Skrillex’s rise to fame and ubiquity started out as a grassroots thing, with his singles and shows selling well by word of mouth, but it accelerated drastically by the end of 2011, when he became the de facto face of both dubstep and the broader EDM phenomenon in the media. It wasn’t just that Skrillex was one of the few EDM stars to have a very memorable look that didn’t involve a face-obscuring helmet, but that his image as a tiny, bespectacled cyberpunk with a bizarre asymmetrical haircut was more or less exactly what most outsiders expected of a youth-oriented genre they didn’t respect or understand. He instantly became a symbol of “the kids these days,” while his abrasive, hyperactive music made people feel “old” even if they were only in their mid-twenties. Over the past two years, his music has been hugely influential in the mainstream — a mild approximation of his signature bass-drop style has been integrated into massive hits by Taylor Swift, Imagine Dragons, Britney Spears, and Alex Clare — but he’s still mainly known as a meme.
The funny thing about Skrillex’s status as cultural shorthand for dubstep and EDM is that he’s hardly emblematic of either scene. He’s loathed by dubstep purists who resent the way he’s Americanized the sound by essentially using their sonic palette as the basis for amped-up jock jams, and though he plays a lot of the same festivals as EDM mainstays like Avicii, Deadmau5, Tiesto, and Afrojack, his music has far more structure and character than their strictly utilitarian dance tracks. In reality, Skrillex doesn’t signify anything more than himself — he’s a sui generis pop character with a distinct, highly identifiable musical style that’s all his own.
Skrillex has already established his style, so Recess, his first full-length album, is more about expanding his range as an artist. The musical elements of the record — house beats, harsh digital noise, dancehall toasting, rock dynamics, rapping — is very similar to Kanye West’s Yeezus, but Skrillex uses the same set of influences to arrive at a very different and more joyful place, and is more interested in thrilling his audience than freaking them out. Pretty much all of Recess is extremely energetic, but it’s not an exhausting onslaught on bangers. “Coast Is Clear,” his collaboration with Chance the Rapper, is about 10 times more smooth than you’d ever expect from Skrillex up till this point, and both “Stranger” and “Ease My Mind” are just on the edge of being conventional pop songs. There is an essential gleeful, manic Skrillex-ness to everything on Recess, but it’s all a matter of him structuring the tracks so they work as proper songs rather than just drop delivery systems. He’s in full control of his stylistic tics, and has learned how to let them frame and enhance performances by vocalists like Chance and K-Pop rappers G-Dragon and CL rather than completely overwhelm them.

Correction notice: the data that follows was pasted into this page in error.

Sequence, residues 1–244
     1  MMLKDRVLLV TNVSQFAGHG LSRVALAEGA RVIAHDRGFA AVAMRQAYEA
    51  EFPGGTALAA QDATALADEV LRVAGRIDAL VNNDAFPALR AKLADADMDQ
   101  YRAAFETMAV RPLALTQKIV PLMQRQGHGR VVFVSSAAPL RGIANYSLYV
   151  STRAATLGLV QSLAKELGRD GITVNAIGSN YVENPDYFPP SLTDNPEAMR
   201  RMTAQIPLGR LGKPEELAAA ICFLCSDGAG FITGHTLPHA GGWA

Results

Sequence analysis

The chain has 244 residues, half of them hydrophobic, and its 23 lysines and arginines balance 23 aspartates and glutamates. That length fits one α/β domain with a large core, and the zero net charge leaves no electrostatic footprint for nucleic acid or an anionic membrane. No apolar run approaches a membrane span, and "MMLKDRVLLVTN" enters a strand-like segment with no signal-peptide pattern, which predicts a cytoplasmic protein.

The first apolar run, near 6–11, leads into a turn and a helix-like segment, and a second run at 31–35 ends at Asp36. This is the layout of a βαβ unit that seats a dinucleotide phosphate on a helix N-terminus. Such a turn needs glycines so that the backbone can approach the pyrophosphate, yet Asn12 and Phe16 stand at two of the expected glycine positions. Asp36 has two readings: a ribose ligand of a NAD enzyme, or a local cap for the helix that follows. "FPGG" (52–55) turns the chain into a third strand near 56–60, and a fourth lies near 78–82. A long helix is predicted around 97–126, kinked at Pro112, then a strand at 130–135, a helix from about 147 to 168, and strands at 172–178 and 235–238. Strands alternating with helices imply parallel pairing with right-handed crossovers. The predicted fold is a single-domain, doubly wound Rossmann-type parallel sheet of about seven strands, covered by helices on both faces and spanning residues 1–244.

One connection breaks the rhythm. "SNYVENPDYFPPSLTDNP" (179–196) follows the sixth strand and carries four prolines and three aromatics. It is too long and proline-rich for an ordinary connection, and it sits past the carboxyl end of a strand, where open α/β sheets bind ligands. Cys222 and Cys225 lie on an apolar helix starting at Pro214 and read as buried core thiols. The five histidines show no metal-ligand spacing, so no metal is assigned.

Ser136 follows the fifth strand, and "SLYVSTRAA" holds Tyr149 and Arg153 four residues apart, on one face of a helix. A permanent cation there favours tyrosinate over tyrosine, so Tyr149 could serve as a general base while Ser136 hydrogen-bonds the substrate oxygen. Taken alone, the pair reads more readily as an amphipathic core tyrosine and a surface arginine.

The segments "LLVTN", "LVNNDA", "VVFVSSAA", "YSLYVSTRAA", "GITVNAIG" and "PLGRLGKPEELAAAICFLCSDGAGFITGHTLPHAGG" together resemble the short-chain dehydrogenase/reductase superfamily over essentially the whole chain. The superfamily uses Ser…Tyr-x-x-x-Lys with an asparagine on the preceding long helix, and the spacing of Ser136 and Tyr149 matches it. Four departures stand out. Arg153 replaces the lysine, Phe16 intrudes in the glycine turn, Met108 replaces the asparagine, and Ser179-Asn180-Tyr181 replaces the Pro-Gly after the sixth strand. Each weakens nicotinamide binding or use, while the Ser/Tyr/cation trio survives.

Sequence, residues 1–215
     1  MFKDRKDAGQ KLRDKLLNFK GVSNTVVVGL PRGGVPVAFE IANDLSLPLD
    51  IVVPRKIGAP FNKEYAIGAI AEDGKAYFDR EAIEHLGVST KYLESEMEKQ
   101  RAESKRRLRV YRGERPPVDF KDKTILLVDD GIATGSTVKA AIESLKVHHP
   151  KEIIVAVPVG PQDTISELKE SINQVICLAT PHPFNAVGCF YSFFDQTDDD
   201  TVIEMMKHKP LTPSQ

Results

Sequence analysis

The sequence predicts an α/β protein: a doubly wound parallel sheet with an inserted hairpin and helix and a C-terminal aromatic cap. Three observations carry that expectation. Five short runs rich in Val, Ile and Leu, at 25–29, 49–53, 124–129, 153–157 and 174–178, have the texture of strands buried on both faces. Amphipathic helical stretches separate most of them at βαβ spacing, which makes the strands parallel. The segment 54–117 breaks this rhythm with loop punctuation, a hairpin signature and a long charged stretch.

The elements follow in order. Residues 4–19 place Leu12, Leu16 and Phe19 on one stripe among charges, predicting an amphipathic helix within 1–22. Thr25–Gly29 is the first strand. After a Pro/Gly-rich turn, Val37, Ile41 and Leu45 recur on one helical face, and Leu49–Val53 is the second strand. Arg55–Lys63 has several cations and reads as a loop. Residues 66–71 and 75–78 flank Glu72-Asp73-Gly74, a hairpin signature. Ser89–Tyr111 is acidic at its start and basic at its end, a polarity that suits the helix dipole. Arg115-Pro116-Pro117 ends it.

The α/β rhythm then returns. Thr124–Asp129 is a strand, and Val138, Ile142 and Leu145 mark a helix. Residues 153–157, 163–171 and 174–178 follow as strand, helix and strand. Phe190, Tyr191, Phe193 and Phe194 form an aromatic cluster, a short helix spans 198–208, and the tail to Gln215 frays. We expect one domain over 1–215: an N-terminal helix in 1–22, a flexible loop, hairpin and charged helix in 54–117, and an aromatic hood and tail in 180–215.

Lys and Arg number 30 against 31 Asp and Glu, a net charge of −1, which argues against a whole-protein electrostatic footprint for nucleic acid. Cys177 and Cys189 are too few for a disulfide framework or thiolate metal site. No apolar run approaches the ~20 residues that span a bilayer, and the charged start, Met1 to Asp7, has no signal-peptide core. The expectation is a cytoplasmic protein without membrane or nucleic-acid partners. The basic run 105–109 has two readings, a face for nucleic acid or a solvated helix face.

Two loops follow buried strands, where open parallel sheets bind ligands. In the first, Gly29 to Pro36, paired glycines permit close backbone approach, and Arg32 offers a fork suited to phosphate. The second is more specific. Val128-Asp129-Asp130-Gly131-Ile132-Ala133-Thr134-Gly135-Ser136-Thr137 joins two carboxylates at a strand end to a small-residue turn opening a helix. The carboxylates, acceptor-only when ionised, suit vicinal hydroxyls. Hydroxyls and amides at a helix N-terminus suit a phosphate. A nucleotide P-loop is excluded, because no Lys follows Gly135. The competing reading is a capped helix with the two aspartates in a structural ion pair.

In structure and tone, the closest comparison to Recess are late-’90s albums by big beat stars The Chemical Brothers and Fatboy Slim. The music is unambiguously rooted in electronic dance music and makes a lot of references to hip-hop and reggae, but the approach to songwriting is heavily indebted to the dynamics of hard rock. This makes a lot of sense — before he became Skrillex, 26-year-old Sonny Moore was a member of a punk band called From First to Last that was big on the Warped Tour circuit. The dynamics of the most iconic Skrillex songs, like “Scary Monsters and Nice Sprites,” “Rock & Roll,” and “Bangarang,” essentially update the most exciting elements of hard rock – riffs, solos, and breakdowns. But it’s all filtered through a very different aesthetic, so it can sound like someone trying to speak to you in your own language but mangling the accent so much that it’s almost unintelligible.
After all the hype and backlash around his first few EPs, Skrillex’s sound could’ve easily been a novelty or an artistic dead end, but Recess is a convincing argument that it’s something that can open up new possibilities within a lot of established genres. And this isn’t just a matter of “hey, let’s put a drop in everything!” What really defines Skrillex, and sets him apart from both the titans of the EDM scene and the producers who dominate pop radio, is that he’s basically like an overgrown kid, and his music taps into a very childlike feeling of unrestrained enthusiasm. This guy isn’t coming from a jaded, cynical place, and he most certainly doesn’t subscribe to the widespread belief that “it’s all been done.” Recess is the work of a dude who is constantly looking for new, more effective ways to make people feel excited and happy, and we’re all very lucky to have him basically doing R&D for the future of pop music.